Although they were Automated Guided Vehicles, equipped with sensors and lasers, they nevertheless seemed to pay Zoey some attention. That was in stark contrast to the AIVs (Autonomous Indoor Vehicles) also roaming the factory floor without offering her any recognition. While the AGVs were mainly used in the manufacturing settings for moving items from one point to another, the AIVs were much more complex. This was reflected in how they freely — almost dancing — navigated the factory via a digital map, liberated from the floor magnets and navigational beacons the AGVs were dependent upon. The AGVs appeared suspicious of Zoey as they perceived her as a potential upgrade.
Walking around the long stretches of the factory halls had made Zoey hungry. Since she was not allowed to bring food inside the factory, she opened up the ‘FoodByDrone’ app and selected a lunch pizza. As the data allowance within the building was restricted, Zoey climbed the back stairs that lead up to the roof of the gigafactory, guided by projected signage. She remembered hearing the news about the first commercial food delivery back in 2016 when a Domino’s chicken and cranberry pizza was dropped off at a customer’s door outside Auckland, New Zealand. Now the urban lunch hour sky was often swarmed by autonomous drone deliveries.
Zoey could just make out the drone carrying her pizza approaching from the distance. It probably came the whole distance from Reno, but with the high flying speeds of up to 200mph that didn’t really matter. While glancing over the roof, she was almost blinded by the glossy solar panel surface covering, a colossal input supplying a colossal demand.
Energy production is now one of the most vital exports of the countryside to the city. Overruling a momentary ‘back to coal’ drive of the late 2010s, the US government followed suit with other nations to push for 100% renewable energy, in part due to rising respiratory illness and oil instability. Almost all of the industrial parks and autonomous agricultural machinery charging stations were now fuelled by ‘green energy’ and Tahoe-Reno, as with many other industrial parks, had its own wind farm. In this sense, the countryside had continued to ‘power the city’: but in electrical energy over food.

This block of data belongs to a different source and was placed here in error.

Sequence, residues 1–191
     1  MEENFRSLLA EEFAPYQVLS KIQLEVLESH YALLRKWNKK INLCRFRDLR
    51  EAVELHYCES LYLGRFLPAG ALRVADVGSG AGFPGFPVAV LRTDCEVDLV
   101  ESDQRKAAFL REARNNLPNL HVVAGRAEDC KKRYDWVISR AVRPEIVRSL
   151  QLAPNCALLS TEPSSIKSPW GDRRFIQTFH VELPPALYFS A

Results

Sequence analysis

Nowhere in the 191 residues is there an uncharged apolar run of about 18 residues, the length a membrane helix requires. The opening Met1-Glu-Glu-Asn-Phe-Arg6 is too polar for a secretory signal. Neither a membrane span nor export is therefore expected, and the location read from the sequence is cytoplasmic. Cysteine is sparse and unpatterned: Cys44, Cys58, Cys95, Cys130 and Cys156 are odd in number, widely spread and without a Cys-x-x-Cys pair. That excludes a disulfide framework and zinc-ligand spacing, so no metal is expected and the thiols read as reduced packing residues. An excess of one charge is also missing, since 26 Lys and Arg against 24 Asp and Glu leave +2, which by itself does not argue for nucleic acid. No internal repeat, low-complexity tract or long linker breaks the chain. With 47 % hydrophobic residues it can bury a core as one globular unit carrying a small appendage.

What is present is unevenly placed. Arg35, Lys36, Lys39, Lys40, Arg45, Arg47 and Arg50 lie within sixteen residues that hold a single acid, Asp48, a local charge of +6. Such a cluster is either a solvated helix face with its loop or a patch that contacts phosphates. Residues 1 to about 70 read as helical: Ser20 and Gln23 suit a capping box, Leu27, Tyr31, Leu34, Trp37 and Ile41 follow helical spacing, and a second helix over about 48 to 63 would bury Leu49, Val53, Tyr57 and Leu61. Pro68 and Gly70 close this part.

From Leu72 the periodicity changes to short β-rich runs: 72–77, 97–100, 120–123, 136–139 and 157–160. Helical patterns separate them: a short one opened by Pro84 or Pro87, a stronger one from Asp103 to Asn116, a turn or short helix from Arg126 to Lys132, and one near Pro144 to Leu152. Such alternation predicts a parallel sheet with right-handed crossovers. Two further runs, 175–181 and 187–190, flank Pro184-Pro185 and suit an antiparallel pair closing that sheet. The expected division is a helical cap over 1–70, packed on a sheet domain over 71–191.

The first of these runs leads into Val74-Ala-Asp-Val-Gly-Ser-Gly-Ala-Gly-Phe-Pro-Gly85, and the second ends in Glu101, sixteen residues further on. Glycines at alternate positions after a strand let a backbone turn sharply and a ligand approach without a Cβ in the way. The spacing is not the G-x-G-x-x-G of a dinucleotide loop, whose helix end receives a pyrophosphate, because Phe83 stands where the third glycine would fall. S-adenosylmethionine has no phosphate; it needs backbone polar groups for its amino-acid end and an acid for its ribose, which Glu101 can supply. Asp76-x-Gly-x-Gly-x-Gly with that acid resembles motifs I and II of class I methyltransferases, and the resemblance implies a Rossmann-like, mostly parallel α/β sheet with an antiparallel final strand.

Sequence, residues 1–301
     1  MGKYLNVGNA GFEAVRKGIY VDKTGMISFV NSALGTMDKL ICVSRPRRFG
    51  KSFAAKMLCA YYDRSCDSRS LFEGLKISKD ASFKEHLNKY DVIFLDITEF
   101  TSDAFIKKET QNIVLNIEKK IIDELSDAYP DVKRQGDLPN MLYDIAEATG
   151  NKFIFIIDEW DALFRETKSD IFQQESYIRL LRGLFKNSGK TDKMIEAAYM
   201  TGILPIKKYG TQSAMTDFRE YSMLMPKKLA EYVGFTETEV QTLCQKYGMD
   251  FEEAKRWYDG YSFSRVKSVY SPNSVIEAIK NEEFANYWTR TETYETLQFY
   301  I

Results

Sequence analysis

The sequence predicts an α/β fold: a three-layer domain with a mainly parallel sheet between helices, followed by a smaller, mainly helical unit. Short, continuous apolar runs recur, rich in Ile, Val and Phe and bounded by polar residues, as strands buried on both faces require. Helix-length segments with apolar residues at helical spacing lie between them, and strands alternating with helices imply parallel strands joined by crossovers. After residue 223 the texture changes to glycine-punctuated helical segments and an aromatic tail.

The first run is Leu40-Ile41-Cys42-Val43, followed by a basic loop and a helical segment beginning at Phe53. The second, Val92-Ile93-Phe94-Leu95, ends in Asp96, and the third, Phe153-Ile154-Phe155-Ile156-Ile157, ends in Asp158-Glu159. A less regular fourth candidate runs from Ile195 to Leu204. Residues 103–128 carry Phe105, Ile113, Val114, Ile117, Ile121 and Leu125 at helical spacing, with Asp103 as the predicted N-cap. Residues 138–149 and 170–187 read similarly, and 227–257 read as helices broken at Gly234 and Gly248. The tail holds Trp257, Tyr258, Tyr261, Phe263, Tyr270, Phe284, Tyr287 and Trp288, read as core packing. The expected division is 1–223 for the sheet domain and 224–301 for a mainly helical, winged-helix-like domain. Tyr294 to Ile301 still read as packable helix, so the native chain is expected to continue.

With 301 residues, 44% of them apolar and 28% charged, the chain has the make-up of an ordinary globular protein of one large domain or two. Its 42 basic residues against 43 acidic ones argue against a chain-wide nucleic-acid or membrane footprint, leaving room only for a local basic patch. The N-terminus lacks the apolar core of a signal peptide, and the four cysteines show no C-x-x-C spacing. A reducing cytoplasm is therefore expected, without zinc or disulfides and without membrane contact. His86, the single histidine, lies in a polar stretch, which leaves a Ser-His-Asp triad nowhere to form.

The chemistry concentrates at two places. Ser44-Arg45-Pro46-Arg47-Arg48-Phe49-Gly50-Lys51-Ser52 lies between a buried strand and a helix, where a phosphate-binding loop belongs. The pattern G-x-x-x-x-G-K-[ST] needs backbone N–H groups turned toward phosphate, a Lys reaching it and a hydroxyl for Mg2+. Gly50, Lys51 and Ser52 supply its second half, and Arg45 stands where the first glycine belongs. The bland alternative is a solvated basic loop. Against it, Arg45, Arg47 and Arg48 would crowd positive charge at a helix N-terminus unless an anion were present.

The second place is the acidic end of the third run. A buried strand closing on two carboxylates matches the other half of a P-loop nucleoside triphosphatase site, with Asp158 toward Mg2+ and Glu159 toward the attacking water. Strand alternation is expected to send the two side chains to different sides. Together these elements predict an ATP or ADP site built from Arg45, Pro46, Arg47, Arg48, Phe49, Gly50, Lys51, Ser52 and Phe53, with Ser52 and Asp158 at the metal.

After lunch, eaten quickly on the roof, Zoey headed back into the factory to perform her afternoon production line checks. Realising she was not going to meet her daily point goals, she made her way to the atrium to take an additional Telemeeting with some of her colleagues on another project. Now time to fill in the digital paperwork, she thought. Completely absorbed in checkboxes, Zoey was brought back to reality by a notification that buzzed through her body, causing physical panic. For a moment she felt very alone in an automated universe. The company had signaled it was time to leave the industrial park as her passenger drone was already on its way.
Back in 2018, it had only been possible for passenger drones to carry a person airborne for 23 minutes, however, revolutions in battery life had made airborne drone journeys as common as AVs. Zoey made her way up to the roof, in the knowledge that the drone would already be geolocated ready to pick her up. She spotted it just a hundred meters away. After navigating her way through the solar panels on the roof, the drone’s door popped open allowing her to enter and, gracefully avoiding other drones, they soared up into the sky.